Jim and Casper Go to Church
What would happen if a pastor and an atheist decided to visit some of America’s largest churches together? That simple question led to a book called Jim and Casper Go to Church. Over a period of several months in 2006, Jim Henderson (the pastor) and Matt Casper (the atheist) dropped in unannounced on Willowcreek, Saddleback, the Potter’s House, Lakewood Church, some emerging churches, a house church, and several other congregations.
This easy, breezy book records their thoughts, observations, questions, arguments, agreements, likes and dislikes regarding all the churches they visited. Along the way the two men become genuine friends, discovering lots of common ground even though they disagree on some very fundamental issues, such as the existence of God. When I say that this is an “easy, breezy” book, I mean only that it is fun to read and not meant to be a deep analysis of any of the congregations they visited. In the nature of the case, we learn as much about Jim and Casper as we do about the churches they visited.
Some people won’t like this book. The idea of being a stealth visitor will bother some readers. Along the way Jim and Casper both reveal their own viewpoints regarding what the church should be doing in the world today. It happens that I don’t share Jim’s viewpoint in some areas but that is a matter of no importance. If I found a Hindu and we toured ten or twelve churches and then wrote a book about it, our viewpoints would come through also. So that’s no big deal.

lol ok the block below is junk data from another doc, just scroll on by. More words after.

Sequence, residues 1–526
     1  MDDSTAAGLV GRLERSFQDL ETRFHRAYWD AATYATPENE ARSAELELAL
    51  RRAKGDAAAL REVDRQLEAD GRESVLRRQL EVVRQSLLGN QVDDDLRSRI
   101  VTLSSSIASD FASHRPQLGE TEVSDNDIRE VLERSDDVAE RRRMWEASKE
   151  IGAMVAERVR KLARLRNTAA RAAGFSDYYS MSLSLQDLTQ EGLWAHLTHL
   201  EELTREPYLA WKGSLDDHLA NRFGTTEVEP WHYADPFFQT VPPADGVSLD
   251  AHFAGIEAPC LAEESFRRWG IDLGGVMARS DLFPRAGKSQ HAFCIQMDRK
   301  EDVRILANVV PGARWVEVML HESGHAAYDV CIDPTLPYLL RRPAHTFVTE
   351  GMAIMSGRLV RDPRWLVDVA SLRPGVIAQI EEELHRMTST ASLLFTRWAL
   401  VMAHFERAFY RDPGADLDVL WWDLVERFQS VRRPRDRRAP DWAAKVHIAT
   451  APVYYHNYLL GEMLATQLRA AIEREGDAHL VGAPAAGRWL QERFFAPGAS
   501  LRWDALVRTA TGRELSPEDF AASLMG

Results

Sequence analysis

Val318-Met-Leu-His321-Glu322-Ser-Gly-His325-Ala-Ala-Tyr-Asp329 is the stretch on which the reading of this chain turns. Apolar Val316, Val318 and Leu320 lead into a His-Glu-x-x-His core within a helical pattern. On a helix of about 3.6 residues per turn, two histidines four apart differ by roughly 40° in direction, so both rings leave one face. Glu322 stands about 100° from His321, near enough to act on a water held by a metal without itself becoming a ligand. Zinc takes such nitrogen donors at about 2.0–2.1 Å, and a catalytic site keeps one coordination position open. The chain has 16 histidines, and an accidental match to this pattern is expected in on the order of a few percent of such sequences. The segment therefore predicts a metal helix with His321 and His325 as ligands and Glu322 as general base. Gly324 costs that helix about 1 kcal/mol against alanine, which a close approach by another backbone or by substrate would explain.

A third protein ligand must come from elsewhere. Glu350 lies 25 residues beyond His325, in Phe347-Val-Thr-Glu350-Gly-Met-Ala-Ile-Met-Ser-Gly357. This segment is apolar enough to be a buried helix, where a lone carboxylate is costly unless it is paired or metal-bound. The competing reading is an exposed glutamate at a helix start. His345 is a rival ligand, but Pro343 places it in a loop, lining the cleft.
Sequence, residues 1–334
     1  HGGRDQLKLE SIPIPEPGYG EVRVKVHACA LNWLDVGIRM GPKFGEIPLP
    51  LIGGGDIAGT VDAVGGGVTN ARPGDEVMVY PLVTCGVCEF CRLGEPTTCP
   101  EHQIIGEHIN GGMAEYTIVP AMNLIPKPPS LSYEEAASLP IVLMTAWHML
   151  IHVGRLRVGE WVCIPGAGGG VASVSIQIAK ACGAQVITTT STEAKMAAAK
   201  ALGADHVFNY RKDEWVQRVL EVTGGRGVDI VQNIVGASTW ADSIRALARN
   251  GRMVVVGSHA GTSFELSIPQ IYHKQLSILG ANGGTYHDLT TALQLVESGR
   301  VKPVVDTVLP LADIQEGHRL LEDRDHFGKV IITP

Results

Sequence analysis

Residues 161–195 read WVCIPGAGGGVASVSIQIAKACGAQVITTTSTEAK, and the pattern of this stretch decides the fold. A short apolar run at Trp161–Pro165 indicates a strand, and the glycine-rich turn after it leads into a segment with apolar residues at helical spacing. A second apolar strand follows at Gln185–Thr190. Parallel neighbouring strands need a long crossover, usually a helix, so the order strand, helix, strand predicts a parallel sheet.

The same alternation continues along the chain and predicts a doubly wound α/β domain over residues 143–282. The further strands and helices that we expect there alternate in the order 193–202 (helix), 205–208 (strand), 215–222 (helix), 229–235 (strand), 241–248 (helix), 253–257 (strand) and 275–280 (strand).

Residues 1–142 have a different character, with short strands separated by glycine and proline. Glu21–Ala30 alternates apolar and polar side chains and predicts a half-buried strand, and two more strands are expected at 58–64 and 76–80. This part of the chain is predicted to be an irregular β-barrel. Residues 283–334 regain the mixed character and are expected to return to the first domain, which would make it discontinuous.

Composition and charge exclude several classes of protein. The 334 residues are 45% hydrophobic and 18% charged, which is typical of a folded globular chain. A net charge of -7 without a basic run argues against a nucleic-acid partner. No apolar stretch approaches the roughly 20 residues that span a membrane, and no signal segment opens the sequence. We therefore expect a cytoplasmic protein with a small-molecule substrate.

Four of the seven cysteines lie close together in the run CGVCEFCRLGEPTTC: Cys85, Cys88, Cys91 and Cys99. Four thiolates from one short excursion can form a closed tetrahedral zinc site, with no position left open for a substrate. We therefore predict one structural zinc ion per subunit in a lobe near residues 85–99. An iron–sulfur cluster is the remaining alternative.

I enjoyed the book because it offers a fascinating glimpse into some of America’s most famous megachurches and it introduces us to the good work being done in places like Lawndale Community Church in Chicago plus we get a quick snapshot of some of the better-known emerging churches.
As I read the book, I kept thinking that the Sunday worship experience of most churchgoers is entirely unlike the huge productions that Jim and Casper dislike so much. The authors chose the larger churches precisely because they draw so much attention. I wonder what they would have thought about Eggville Free Will Baptist Church. I don’t mean that ironically but simply to point out that for millions of Americans, church on Sunday means gathering with a hundred or two hundred people for a worship service that has no smoke machine. It also hit me that, except for their visit to the First Presbyterian Church of River Forest, they had no exposure to congregations in the mainline denominations. In some ways that chapter was the most fascinating of the book because they seemed almost bemused by what they experienced. Yet that service is more typical of most churches than the high-powered extravaganza at Lakewood Church in Houston. Of course I doubt that any publisher would have cared for “Jim and Casper Visit Ten Typical Churches Including a Few Small Churches You Never Heard Of.”
That aside, it is fascinating to ponder a larger question, one that the book is not intended to answer. To what degree should worship services be aimed at nonmembers? As Jim points out, the public worship service remains the number-one point of entry for the unchurched in our culture. How far should we go in making our services intelligible to the unchurched? I regard that as an enduring and unanswerable question. The Christian church has grappled with this issue in various ways for twenty centuries, with responses all the way from the Amish and the Primitive Baptists to the “seeker-driven” services that aim everything at “Unchurched Joe and Mary.” No one is surprised that Haitian churches reflect Haitian culture or that Chinese churches offer services in Mandarin and Cantonese. Those are the easy ones to figure out. But the larger question remains. How far should we go, and how much should our Sunday programming (not a biblical term, by the way) be shaped by the people we want to reach? Every church answers that question in its own way, and if we say it doesn’t matter what outsiders think, well, that too is an answer.